I was one such person, who stopped to inhale and view the vivid loveliness of the scene before me, at the end of December 2014.  I stood for a while, contemplating and saying a prayer of thanks for what stood before me.  As the euphemism goes: “Beauty is in the eye of the beholder.”  And, this beholder noticed every minute detail in this scene, from the river to the tree, to the weeds encircling it, and so much more.  The tones, textures and contrasts of nature were stunning to my eyes.

Shabbat Shalom!

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Review: A Perfect Peace

Amos Oz’s novel, A Perfect Peace, brings the reader a bit of an inside look into life within the kibbutz environment. Set in Israel, as most of his books are, it was quite the insightful story. The 1960s kibbutz setting emphasized the harshness and the difficulties the individuals had to go through in order to find a sense of place, sense of Self and sense of peace.

The characters were floundering for varied reasons, and their mindsets were brought to the forefront by Oz’s masterful writing. From first-generation disenchantment with kibbutz life in the stifling environment, where “privacy” is only a word, to the almost guinea pig atmosphere of life, Oz confronts the issues of daily life with strength and uncompromising honesty.

Through Oz’s honest appraisal, the reader is given privy to the corruption that runs rampant throughout the kibbutz and the state, within the pages. It is not an idealistic story in that respect. Some of the less than ideal situations causes much disharmony within the kibbutz, where life is stifling to begin with. In the view of a few of the first generation to be born on an Israel kibbutz, kibbutz life was stifling.

We are given access to the mindsets of the characters, and their disillusions, anger and rage, questioning of ethics and questioning of participation in the humane along with the non-humane running of a tight ship, almost in a tyrannical fashion. Lack of motivation leads one man in particular, named Yoni, to want to leave the kibbutz in order to find what he believes he is missing. He feels there must be something better and more worthwhile outside of the confines of his daily life.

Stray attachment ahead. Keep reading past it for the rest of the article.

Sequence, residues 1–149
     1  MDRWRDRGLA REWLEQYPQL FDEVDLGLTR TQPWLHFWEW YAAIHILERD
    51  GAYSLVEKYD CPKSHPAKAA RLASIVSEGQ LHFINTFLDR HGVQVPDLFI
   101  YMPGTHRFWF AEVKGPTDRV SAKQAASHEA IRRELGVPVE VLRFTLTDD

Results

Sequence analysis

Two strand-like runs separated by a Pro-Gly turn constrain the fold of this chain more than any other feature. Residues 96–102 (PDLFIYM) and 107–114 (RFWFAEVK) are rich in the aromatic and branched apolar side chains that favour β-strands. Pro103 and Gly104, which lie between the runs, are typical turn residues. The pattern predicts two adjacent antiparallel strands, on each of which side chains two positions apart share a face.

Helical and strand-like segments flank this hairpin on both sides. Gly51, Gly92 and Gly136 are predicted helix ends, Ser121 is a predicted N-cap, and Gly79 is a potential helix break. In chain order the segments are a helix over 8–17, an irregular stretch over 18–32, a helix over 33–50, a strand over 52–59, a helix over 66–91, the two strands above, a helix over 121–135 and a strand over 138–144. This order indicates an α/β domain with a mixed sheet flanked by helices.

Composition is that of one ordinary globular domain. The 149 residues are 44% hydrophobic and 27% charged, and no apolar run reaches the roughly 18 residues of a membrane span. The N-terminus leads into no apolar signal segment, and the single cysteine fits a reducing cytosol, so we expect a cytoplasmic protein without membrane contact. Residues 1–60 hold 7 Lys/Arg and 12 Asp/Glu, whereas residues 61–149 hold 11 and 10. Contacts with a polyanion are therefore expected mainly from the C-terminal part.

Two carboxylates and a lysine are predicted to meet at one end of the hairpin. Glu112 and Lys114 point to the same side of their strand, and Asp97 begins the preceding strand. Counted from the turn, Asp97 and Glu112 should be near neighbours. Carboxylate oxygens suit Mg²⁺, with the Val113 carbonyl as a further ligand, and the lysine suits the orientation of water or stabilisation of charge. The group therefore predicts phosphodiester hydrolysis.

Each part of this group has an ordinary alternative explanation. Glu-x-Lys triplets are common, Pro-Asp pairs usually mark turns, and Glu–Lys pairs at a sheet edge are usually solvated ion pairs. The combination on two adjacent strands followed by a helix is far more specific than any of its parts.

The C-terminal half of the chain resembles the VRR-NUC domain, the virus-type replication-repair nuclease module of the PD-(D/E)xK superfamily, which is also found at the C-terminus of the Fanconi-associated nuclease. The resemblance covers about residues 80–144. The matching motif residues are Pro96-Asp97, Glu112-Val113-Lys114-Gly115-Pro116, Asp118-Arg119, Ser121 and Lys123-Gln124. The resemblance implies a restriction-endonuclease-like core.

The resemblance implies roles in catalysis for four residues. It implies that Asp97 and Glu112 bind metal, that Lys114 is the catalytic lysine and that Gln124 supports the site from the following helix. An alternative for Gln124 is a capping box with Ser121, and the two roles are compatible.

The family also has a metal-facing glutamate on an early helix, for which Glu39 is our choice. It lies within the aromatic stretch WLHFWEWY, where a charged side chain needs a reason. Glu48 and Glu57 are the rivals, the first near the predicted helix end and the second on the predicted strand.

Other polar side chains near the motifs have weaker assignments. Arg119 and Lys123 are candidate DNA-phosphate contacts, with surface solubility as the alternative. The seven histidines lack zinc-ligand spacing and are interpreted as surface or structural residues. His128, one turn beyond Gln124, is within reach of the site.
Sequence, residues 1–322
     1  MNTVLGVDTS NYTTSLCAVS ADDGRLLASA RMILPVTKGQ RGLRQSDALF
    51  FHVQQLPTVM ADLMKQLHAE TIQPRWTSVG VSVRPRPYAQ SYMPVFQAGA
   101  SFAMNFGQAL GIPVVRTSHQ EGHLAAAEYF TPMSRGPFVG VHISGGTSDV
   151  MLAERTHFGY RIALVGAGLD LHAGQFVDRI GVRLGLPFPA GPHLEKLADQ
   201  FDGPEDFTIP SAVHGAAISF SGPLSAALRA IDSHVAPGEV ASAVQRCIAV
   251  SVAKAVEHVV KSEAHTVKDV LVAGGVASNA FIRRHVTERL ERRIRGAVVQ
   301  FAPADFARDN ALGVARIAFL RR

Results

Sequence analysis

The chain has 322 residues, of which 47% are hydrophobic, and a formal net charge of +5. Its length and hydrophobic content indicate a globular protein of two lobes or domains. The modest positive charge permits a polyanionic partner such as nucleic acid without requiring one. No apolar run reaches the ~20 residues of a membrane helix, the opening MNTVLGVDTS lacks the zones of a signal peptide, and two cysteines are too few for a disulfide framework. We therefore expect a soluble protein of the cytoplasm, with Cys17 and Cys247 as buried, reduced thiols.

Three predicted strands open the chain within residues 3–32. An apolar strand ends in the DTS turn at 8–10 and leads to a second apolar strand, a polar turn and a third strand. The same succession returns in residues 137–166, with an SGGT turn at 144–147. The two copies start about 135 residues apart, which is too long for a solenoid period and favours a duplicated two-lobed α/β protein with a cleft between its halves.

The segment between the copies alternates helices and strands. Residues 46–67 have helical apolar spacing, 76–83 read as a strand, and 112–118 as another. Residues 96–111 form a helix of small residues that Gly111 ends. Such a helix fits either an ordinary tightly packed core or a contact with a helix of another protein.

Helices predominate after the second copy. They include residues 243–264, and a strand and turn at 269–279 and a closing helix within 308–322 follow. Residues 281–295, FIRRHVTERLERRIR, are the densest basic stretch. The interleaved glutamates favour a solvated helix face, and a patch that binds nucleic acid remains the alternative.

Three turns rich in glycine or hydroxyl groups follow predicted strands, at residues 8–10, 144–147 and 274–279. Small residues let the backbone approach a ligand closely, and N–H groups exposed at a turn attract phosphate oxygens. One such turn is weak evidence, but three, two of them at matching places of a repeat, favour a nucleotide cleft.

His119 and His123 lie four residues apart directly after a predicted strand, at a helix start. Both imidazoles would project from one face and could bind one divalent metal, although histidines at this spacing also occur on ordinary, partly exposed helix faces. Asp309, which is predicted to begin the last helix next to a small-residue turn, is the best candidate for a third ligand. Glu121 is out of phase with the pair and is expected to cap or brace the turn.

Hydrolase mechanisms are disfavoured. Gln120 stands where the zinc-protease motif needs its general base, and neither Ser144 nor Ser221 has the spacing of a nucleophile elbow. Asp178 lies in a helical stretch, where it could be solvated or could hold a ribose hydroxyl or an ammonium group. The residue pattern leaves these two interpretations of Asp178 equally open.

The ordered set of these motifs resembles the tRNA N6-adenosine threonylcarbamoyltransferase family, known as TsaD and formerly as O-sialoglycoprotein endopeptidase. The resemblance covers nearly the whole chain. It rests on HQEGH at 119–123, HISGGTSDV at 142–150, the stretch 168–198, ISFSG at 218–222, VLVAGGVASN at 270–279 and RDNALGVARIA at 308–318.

Yet, another individual tries to move in, and is in constant fear of being turned away, and of not being accepted and liked by others. His trials and tribulations take different paths than Yoni’s.

Oz understood the social, political, emotional and environmental aspects. He lived on a kibbutz beginning in his early teens and continued to do so through 1986. I applaud him for his excellent and brilliant word-images he presents us, and for his mastery in not only conveying corruption, but also in conveying the kibbutz life in all of its essences.

I read the book to learn more about kibbutz life, and once I was finished, I realized that for some, kibbutz life affected the first-generation in ways that have not usually been written about. Life was not easy, was harsh, was not conceived as individualistic. Each individual was a part of the whole, part of the kibbutz community. Each child seemingly had more than one mother and father.

How this upbringing impacted the children gives one food for thought. Most of the adults were escaping a pogrom, escaping Holocaust-related events, tyranny, antisemitic abuse. The were also escaping in order to find a better life. The kibbutz was a form of communal effort and struggles, some of which did not afford the adults the dreams they had wished for.

Those dreams were quashed and their children were raised with firm hands and old ideas and ideals. In essence, their own dreams (children’s) were not given any credence, and they came to regard those dreams as being unfulfillable. The story line was quite illuminating in that respect.

I want to make something clear. My review is not meant to be in anyway reflective of a negative attitude on my part. I have relatives and friends who spent part of their teen years or young adult years on one, and had wonderful experiences. The novel details one kibbutz of many, and a few individuals living in that kibbutz, along with their own baggage.

I recommend A Perfect Peace to everyone.